Progarchives, the progressive rock ultimate discography
Saga - Behaviour CD (album) cover



Crossover Prog

From, the ultimate progressive rock music website

Bookmark and Share
Honorary Collaborator
5 stars This is my favourite saga album. Saga reaches here the peak of their career (this is IMO their last good album). Although not in the same vein as their earlier efforts, this opus deals nonetheless with very good stuff, keyboard-oriented and melodic. Michael Sadler has a very pleasant voice and Steve Negus plays briliantly both electronic and acoustic percussion. For those who like 'Power windows' or 'Hold your fire' by Rush, this album is highly recommended. Enjoy it!!
Report this review (#17529)
Posted Saturday, November 1, 2003 | Review Permalink
5 stars The last great SAGA album(for a while). The first "concept" album by SAGA as all the songs deal with the theme of love. A BRILLIANT album, the best keyboard & guitar work melt together with the lyrical twists of the experience of dealing with love.
Report this review (#17530)
Posted Thursday, December 11, 2003 | Review Permalink
3 stars Saga issued this album in 1985. When compared to earlier efforts, there's a change in direction. Let's face it, Behaviour is a perfect mid eighties pop album with some influences from new wave. The band is famous for making progressive rock accessible. The sound of this album is accessible but it can't be described as "progressive". The production is totally different from previous albums, very smooth, this is most noticeable when listening to the keyboardsounds, no more space sounds, no more fantastic album cover as well, lyrics about romance (boy meets girl). Only the closing track "One upon a time" seems to have some excitable moments. But not all is bad, the songs have great melodies and there's the brilliant guitarist Ian Crichton who shines on this album as he does on any other Saga record.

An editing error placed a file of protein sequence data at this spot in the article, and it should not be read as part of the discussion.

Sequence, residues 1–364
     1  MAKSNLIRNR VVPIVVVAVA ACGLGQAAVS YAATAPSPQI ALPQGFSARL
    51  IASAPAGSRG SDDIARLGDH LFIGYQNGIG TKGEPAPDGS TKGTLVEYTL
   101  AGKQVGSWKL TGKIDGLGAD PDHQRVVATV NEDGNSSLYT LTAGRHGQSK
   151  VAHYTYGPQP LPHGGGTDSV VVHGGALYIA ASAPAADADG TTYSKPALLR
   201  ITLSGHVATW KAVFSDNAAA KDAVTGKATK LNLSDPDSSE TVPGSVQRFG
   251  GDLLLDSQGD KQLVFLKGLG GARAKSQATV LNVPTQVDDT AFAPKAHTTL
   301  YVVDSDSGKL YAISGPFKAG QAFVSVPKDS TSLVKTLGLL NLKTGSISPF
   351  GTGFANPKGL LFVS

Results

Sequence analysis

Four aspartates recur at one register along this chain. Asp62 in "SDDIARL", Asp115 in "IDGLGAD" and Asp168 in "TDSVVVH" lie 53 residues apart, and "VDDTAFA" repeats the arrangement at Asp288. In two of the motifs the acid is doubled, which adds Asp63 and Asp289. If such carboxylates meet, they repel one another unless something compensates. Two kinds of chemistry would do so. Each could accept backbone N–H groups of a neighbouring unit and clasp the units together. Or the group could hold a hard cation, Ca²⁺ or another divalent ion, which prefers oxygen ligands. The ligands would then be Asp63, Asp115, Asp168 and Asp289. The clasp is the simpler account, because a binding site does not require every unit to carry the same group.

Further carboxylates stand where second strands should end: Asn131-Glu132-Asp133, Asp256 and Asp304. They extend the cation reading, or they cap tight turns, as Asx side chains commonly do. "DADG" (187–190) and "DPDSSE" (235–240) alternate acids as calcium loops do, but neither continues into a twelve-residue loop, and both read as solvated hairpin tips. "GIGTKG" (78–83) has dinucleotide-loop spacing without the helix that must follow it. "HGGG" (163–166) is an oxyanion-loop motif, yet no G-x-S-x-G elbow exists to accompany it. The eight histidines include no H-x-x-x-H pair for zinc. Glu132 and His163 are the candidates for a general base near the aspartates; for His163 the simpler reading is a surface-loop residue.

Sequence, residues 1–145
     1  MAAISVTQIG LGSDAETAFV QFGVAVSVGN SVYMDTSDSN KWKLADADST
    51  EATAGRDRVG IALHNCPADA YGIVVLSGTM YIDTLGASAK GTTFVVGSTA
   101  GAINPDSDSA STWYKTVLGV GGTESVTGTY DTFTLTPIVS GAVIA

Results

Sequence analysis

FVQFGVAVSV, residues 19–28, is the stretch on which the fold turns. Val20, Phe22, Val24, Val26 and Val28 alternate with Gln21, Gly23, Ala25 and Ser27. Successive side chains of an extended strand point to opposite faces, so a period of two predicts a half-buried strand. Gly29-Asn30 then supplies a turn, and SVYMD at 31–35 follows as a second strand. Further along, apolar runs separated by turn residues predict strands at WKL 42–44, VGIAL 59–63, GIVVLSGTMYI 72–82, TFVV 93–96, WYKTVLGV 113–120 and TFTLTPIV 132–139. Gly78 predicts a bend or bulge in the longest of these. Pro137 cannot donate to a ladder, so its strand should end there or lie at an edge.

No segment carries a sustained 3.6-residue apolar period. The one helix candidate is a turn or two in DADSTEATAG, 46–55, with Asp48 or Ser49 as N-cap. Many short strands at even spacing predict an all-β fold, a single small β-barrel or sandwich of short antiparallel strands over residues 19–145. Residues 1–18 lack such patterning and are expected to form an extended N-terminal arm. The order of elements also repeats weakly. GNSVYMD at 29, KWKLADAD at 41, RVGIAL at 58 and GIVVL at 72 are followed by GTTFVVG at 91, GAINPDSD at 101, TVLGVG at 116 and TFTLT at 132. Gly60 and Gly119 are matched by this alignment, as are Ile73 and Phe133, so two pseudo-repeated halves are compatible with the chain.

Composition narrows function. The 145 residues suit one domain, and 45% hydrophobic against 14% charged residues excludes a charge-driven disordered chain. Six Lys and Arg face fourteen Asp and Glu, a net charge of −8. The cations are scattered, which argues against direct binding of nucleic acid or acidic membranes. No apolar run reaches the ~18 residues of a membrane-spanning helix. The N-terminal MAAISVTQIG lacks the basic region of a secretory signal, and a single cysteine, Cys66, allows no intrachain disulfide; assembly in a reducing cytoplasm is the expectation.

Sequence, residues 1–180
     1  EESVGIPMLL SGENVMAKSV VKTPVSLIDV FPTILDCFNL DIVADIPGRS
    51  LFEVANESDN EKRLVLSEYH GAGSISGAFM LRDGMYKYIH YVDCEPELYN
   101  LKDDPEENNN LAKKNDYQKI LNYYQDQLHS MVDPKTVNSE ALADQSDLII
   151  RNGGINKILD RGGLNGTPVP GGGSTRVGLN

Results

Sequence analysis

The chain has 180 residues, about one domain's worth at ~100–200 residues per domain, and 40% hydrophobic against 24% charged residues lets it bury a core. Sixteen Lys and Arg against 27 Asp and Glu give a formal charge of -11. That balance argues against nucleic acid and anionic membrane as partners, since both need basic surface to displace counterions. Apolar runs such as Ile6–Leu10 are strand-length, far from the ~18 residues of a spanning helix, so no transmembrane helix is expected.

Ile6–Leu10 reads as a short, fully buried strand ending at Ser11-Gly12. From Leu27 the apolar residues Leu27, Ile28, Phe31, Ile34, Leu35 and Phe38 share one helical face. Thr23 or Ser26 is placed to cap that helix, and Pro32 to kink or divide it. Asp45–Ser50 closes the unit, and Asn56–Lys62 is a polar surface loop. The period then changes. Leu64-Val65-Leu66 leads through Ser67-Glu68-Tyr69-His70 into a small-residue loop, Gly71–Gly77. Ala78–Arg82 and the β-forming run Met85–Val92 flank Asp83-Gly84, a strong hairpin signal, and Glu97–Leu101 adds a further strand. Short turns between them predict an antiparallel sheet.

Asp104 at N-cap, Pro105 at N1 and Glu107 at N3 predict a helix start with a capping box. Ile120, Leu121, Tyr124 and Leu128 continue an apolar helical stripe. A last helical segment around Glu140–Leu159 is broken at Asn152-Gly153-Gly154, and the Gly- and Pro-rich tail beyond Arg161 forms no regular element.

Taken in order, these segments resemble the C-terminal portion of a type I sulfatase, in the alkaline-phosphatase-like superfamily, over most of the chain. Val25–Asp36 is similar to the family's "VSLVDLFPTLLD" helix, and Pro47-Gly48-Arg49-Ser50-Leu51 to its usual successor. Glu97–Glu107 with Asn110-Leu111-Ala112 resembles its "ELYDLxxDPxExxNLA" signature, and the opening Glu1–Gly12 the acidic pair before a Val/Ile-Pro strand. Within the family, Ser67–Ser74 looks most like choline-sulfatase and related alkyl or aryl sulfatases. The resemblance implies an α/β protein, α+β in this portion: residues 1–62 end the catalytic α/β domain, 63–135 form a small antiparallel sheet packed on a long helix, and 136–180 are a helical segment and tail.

Report this review (#17533)
Posted Sunday, June 20, 2004 | Review Permalink
4 stars I remember listening to this album in 1986 on CD.I still have a copy to this day...Remember this is a full digital recording...One of several pop/rock CD's issued that year... I remember reading a review of the album comparing it to work from the alan parson's proj./I listen regularly to aol's progressive station today & all I hear is wind him up(does anyone remember the video?)A much better album than wildest dreams for sure...
Report this review (#17534)
Posted Monday, January 17, 2005 | Review Permalink
5 stars Excellent Pop-Rock Prog effort. It's possible that many SAGA fans don't like the style of this record but here we've got many of their best songs ever and classics like 'Take A Chance' 'Misbehaviour', 'Here I Am' and '(Goodbye) Once Upon A Time' probably the best points of the album. Also the production is great! by far better than the production of their previous release 'Heads Or Tales'. This is definitively not my favourite album but a really great one. JUST TRY IT!!! REMEMBER: SAGA IS WARRANTY!!!
Report this review (#17535)
Posted Sunday, March 13, 2005 | Review Permalink
4 stars My first album from SAGA. It is different from their earlier style, but very strong. First time they sing about women. Very melodic, more pop oriented, less keyboard, but very strong guitars and drums. Wanna get revitalized? Then listen to "Out of the shadows", "Easy way out", "Here I am" and "Once upon a time" in a row. And be careful with that volume knob - the power might blow you away. The sound recording is one of their best - powerful, surrounding drums and a clear voice. Brilliant guitars and dark moogs. I recommend it as an easy way to enter the sound of SAGA. Enjoy!
Report this review (#39095)
Posted Sunday, July 10, 2005 | Review Permalink